“Some of the most solemn warnings Spurgeon ever gave his congregation were of the danger of their ceasing to be dependent upon God in prayer. ‘May God help me, if you cease to pray for mel Let me know the day and I must cease to preach. Let me know when you intend to cease your prayers and I will cry, O my God, give me this day my tomb, and let me slumber in the dust.’

“These words were not the eloquence of a preacher; rather they expressed the deepest feelings of his heart. On one of his visits to the Continent Spurgeon met an American minister who said, ‘I have long wished to see you, Mr. Spurgeon, and to put one or two simple questions to you. In our country there are many opinions as to the secret of your great influence. Would you be good enough to give me your point of view?’ After a moment’s pause, Mr. Spurgeon said, ‘My people pray for me.’

“Spurgeon believed that without the Spirit of God nothing could be done. When his congregation should cease to feel their ‘utter, entire, absolute dependence upon the presence of God’ then he was sure they ‘would ere long become a scorn and a hissing, or else a mere log upon the water.’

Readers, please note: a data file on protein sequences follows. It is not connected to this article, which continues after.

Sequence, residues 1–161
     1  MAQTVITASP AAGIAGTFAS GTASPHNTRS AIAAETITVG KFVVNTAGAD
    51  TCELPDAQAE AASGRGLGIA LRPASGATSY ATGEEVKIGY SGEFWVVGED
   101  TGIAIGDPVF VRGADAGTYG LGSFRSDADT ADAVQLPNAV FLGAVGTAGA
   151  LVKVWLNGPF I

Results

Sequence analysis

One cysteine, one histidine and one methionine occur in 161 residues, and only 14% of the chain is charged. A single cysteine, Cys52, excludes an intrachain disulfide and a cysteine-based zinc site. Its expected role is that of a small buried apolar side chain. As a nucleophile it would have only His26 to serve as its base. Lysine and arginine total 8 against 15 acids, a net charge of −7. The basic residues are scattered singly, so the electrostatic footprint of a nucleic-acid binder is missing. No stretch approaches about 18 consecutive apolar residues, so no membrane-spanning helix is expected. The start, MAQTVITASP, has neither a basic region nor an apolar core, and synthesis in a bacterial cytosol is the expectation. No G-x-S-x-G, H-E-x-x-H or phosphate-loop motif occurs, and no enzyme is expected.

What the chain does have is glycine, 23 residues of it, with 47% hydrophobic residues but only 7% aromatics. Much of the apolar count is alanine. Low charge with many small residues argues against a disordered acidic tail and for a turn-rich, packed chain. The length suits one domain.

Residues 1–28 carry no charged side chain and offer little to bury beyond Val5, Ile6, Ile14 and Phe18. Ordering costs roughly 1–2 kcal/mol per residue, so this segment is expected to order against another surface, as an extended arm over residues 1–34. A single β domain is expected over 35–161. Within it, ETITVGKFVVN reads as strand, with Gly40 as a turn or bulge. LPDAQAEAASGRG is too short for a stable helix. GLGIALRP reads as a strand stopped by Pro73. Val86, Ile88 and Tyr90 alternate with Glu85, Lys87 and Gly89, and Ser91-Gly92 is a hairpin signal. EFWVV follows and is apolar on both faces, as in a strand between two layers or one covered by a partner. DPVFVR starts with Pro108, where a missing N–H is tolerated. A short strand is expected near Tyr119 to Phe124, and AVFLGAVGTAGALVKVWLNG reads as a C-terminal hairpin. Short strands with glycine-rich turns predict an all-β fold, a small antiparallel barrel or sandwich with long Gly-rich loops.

“Throughout Spurgeon’s ministry this concern remained uppermost in his heart. ‘If there were only one prayer which I might pray before I died, it should be this: Lord, send thy Church men filled with the Holy Ghost. and with fire. Give to any denomination such men, and its progress must be mighty: keep back such men, send them college gentlemen, of great refinement and profound learning, but of little fire and grace, dumb dogs which cannot bark, and straightway that denomination must decline.’”

Is it wrong to wonder just how seriously the preachers and people of our Reformed churches take such prayers?